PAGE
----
Wimbledon comes to an end this weekend, with the Women’s Singles Final taking place this afternoon, and the Men’s Singles Final closing the fortnight-long tournament on Sunday.
Kate, Duchess of Cambridge has made her second appearance at the annual competition to watch Kazakhstani Elena Rybakina and Tunisian Ons Jabeur battle it out on the court. As Royal Patron of the All England Club, the Duchess is likely to return to present the winners’ trophies.
Kate has become a regular royal fixture at the Wimbledon Championships and is often accompanied by other members of the Royal Family.
And one year, a royal guest made two massive “faux-pas” when she visited the SW19 courts.
But the former Hollywood actress went against Wimbledon etiquette when she turned up to the Royal Box in a pair of jeans.
Typically, the dress code for the annual tournament is formal attire.
One member, who has been at the club for 30 years, remarked: “She’s not allowed to wear jeans.”
Meghan was subsequently not allowed to sit in the exclusive enclosure.
The Duchess of Sussex was also criticised for her “self-regarding paranoia” after her bodyguards were forced to tell tennis fans to stop taking photographs of the royal.
A source close to the All England Club said: ”She wanted to come incognito but there were problems.
“They couldn’t invite her into the Royal Box because she was wearing jeans but that didn’t really matter because all she wanted to do was come and watch Serena.
“Andy Murray was on Court 1 afterwards and it was a massive faux pas not to watch a Brit when she is signed up to the Royal Family.”
And one official went further, adding: “It was a nightmare, she was a nightmare.”
Media consultant and journalist Sally Jones claimed one of Meghan’s security guards told her to stop taking pictures of Meghan because she was attending Wimbledon in a “private capacity”.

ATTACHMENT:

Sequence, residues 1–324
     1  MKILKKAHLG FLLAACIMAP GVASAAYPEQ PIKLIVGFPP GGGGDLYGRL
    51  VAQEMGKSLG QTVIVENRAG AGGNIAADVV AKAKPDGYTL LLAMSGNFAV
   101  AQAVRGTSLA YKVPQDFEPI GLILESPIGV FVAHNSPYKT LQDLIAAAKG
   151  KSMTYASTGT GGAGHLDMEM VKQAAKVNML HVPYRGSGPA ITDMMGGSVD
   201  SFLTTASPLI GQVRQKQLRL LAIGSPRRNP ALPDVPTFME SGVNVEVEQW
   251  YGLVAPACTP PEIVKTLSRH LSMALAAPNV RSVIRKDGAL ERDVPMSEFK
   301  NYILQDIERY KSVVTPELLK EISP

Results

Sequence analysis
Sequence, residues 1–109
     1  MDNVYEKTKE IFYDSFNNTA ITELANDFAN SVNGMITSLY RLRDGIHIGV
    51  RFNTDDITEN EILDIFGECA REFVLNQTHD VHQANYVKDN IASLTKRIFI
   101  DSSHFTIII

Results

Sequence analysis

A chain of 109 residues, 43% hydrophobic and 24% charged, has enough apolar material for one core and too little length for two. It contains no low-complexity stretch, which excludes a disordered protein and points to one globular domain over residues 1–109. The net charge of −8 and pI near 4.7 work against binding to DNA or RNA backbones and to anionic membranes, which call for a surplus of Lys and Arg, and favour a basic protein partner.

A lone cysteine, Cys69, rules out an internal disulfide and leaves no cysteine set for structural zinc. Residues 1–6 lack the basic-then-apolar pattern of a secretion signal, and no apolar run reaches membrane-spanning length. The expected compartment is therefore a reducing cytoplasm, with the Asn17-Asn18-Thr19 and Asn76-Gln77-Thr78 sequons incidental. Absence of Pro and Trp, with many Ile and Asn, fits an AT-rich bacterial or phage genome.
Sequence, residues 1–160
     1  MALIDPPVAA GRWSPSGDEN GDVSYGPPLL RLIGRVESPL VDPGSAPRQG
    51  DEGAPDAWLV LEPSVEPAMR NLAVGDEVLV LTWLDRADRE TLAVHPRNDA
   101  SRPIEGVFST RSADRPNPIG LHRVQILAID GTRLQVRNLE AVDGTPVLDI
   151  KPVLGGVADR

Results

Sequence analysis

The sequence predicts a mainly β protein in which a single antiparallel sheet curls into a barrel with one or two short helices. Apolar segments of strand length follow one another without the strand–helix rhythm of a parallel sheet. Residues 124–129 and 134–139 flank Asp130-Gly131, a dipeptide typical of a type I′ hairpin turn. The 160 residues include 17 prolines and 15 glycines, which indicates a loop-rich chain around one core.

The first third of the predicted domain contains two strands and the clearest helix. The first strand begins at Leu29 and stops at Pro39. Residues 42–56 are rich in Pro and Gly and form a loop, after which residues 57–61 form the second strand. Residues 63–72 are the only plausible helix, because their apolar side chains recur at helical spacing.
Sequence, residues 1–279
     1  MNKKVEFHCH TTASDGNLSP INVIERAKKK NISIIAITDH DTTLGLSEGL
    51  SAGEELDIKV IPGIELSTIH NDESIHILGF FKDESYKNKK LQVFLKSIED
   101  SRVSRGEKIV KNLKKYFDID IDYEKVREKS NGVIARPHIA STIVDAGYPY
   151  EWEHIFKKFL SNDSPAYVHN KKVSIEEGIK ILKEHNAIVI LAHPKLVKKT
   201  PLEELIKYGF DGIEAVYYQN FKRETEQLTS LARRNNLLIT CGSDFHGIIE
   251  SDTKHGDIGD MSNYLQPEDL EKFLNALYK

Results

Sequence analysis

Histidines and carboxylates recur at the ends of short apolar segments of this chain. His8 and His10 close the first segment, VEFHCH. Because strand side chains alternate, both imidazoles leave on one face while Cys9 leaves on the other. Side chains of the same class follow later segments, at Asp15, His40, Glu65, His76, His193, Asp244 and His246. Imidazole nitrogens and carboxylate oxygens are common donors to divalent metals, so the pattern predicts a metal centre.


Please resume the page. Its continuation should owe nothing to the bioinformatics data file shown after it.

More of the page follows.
Ms Jones, who sat in the same row as Meghan, claimed she had been unaware the Duchess was there and was trying to photograph Williams.
In a column for The Daily Telegraph about her experience, she wrote: “This puzzlingly random control freakery is in direct contravention of royal practice.
“Most of the Queen’s extended family appearing in public, whether in a public or private capacity, are generally neither surprised nor affronted to be surveyed or photographed by a predominantly sympathetic public, delighted at a chance encounter with even lesser royal lights.
“As a journalist, I have covered scores of ‘royal rotas’ over the years, from the wedding of Prince Charles and Lady Diana and Prince Edward’s first appearance as a Cambridge undergraduate on an archaeological dig at the Roman city of Wroxeter to his own wedding at Windsor Castle.
“I have often witnessed the sheer joy created among ordinary citizens by proximity to royalty.”
Ms Jones went on to claim Meghan’s royal protection officer told her not to take pictures of the Duchess, an order that she described as “bonkers”.
She told the Telegraph: “I think this royal protection officer was quite embarrassed.
“He appeared a bit mystified as to why he was being asked to make such a request.
“I told him it was bonkers and that even if I had been trying to snap the Duchess I’d have got a blurry picture of her right ear.
“Apart from anything else, there were hundreds of people clicking away.
“I said to him; have you thought about having a word with any of those television cameras? He looked a little uncomfortable.”
Buckingham Palace confirmed in a statement at the time that Meghan attended Wimbledon.
And after her match, Williams told reporters that she was not aware “there was negative media out there” in relation to Meghan’s visit.
The All England Club also said in a statement to The Times: “Any suggestion that the Duchess’s visit was anything other than a privilege for the club is categorically not the view of the club and she is always welcome to attend the championships.”